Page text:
The Army

Indeed, a May 2019 publication by the US Army demonstrates the challenge:

According to a new U.S. Army report, Americans could face a horrifically grim future from climate change involving blackouts, disease, thirst, starvation and war. The study found that the US military itself might also collapse. This could all happen over the next two decades, the report notes.

The senior US government officials who wrote the report are from several key agencies including the Army, Defense Intelligence Agency, and NASA. The study called on the Pentagon to urgently prepare re for the possibility that domestic power, water, and food systems might collapse due to the impacts of climate change as we near mid-century.

I went to the original report. As far as reports go, it’s relatively short (50 pages). I strongly recommend reading it (I intend to use it in my classes).

While the Army is only one of four branches of the US armed forces—the rest include: the Air Force, Navy, and Marines—it is submitting its own climate change report. We have talked about this before. On September 9, 2014, I briefly mentioned a climate change report, “Global Trends 2030,” by the US National Intelligence Council (NIC) on the impacts of climate change on US national security. Congress has mandated that the NIC produce one every four years. That report also stresses the main details of climate change, including the important role that sea level rise and the surge of environmental refugees play in impacting US security.

However, the next report in this series, “Global Trends 2035,” which I covered on May 23, 2017, presented a very different vista. It came out about five months after the inauguration of President Trump. Initially, when it was posted, it looked like it would be a continuation of the previous “Global Trends 2030.” But shortly after, clicking on the posted report brought up something that was hardly recognizable. Indeed, it is nearly impossible to find the phrase “climate change” in it—an almost complete denial of the issue, expressed as deliberate blindness. Nor was the change of wording an anomaly. The federal government has made widespread attempts to eliminate climate change from its vocabulary.

There have been exceptions – a movie, “The Age of Consequences” (see April 9, 2019 blog), made with overwhelming participation from uniformed soldiers, described climate change as a major destabilizer and an important accelerator of global insecurity. Even in this context, however, the film framed the growing number of global environmental refugees as the main culprit.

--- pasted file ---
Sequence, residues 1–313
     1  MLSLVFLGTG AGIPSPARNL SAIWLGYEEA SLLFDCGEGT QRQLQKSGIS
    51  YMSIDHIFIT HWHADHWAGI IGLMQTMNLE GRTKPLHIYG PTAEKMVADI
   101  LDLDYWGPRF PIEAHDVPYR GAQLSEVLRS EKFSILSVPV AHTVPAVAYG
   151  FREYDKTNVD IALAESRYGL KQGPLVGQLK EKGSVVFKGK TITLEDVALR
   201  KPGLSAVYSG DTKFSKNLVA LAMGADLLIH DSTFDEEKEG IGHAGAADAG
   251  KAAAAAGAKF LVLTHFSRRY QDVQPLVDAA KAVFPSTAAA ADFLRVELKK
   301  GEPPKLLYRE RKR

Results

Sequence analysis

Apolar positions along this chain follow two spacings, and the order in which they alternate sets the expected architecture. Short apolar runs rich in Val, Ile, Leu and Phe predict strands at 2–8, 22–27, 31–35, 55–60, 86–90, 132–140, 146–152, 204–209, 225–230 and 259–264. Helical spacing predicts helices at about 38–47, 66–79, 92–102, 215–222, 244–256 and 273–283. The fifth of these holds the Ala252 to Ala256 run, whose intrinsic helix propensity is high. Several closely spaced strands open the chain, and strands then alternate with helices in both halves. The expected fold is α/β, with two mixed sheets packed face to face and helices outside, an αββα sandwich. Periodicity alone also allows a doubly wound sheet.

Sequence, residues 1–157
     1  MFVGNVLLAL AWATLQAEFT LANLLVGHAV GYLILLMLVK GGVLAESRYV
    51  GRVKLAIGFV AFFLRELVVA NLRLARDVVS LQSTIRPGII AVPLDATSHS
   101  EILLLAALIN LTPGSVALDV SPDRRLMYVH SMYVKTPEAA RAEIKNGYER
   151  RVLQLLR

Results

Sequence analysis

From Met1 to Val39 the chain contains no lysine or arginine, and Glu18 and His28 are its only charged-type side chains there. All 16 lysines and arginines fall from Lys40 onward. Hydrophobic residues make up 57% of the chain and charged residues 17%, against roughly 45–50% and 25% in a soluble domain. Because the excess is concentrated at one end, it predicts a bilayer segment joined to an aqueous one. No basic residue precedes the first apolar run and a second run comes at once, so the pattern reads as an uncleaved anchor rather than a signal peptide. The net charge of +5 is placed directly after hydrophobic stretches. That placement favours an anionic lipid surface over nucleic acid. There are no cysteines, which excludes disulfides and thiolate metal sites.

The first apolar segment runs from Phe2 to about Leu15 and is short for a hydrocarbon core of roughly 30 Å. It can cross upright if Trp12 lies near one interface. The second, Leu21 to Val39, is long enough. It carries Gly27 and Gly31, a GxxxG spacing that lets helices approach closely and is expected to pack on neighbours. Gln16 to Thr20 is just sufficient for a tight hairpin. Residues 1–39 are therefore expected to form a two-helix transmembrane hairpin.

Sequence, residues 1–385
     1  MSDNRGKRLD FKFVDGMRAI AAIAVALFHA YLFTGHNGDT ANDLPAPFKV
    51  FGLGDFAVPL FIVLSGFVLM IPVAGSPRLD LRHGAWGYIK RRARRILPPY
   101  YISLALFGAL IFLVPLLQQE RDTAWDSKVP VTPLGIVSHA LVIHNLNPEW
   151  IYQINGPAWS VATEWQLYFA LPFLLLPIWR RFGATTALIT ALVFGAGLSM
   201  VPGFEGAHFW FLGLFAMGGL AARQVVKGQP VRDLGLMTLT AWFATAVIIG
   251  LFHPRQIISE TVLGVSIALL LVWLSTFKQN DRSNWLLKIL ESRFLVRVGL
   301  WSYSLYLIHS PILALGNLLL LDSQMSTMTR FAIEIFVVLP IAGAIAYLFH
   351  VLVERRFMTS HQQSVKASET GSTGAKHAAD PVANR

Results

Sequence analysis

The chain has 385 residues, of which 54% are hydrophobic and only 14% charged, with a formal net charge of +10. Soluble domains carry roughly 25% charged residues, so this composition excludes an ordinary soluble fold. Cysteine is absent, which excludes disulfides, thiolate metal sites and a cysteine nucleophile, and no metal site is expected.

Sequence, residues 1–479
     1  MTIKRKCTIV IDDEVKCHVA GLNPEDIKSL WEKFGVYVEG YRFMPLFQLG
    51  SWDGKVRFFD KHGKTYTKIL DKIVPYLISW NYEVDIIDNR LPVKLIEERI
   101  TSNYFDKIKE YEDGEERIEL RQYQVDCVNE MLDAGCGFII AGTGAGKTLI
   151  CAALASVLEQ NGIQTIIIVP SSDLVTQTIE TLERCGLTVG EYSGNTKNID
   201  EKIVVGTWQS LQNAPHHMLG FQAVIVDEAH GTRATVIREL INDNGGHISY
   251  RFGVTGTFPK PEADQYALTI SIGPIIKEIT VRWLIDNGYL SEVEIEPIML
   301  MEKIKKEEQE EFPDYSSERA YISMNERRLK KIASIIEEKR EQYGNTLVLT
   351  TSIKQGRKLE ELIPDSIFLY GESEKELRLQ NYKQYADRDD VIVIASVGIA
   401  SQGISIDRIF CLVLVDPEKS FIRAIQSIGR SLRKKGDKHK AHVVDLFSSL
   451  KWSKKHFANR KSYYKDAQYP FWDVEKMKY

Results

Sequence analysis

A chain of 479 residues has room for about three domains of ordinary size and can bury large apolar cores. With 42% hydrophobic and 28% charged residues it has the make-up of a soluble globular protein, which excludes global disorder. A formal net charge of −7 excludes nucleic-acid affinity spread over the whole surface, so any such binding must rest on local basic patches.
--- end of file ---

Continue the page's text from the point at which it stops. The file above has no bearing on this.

The newest Army report that I mentioned above came out one year before the next election. It’s becoming more difficult to deny that climate change is occurring, given that we are seeing its effects everywhere. In a sense, the writers try to walk the line between two contradicting political landscapes. They emphasize certain aspects of the problem while pointedly ignoring others. For instance, they don’t distinguish between anthropogenic (man-made) and natural climate change, although they know full well that most data and most scientists attribute nearly 100% of climate change (distinguished from specific weather) to humans.

On the other hand, the report takes a novel step—its Executive Summary lists all the steps that must be taken to mitigate the impacts of climate change and approximates the resources needed to accomplish them. The steps themselves are neither groundbreaking nor army-specific; they are ones that every country, city, and industry needs to take. The report starts by identifying specific problems:

  • Lack of Organizational Accountability for and Coordination of Climate Change-Relat­ed Response and Mitigation Activities
  • The Lack of a Culture of Environmental Stewardship
  • Potential disruptions to readiness due to restrictions on fuel use.
  • Lack of coordination and consolidation in climate-change related intelligence.
  • Lack of Organizational Accountability for and Coordination of Climate Change-Related Response and Mitigation Activities
  • Lack of Climate Change-Oriented Campaign Planning and Preparation
  • Problem: Power Grid Vulnerabilities
  • Climate Change and Threats to Nuclear Weapons Infrastructure

The report is also unique in that it discusses the thawing of the Arctic and the advantages that Russia, one of our “traditional” enemies can derive from that. The map below, taken from the report, demonstrates this threat.

Russia, military, climate change, Arctic, security

Clearly, climate change represents a security threat not just in terms of the refugees it produces but also militarily. I wish us all good luck in dealing with this mounting crisis. We’ll need it.

About climatechangefork

Micha Tomkiewicz, Ph.D., is a professor of physics in the Department of Physics, Brooklyn College, the City University of New York. He is also a professor of physics and chemistry in the School for Graduate Studies of the City University of New York. In addition, he is the founding-director of the Environmental Studies Program at Brooklyn College as well as director of the Electrochemistry Institute at that same institution.
This entry was posted in administration, Anthropogenic, Climate Change, Conference, immigration, refugee, UN, US and tagged , , , , , , , , , , , , , , , , , , , , , , , , , , , , , , , , , , , , , . Bookmark the permalink.

Leave a Reply

Your email address will not be published. Required fields are marked *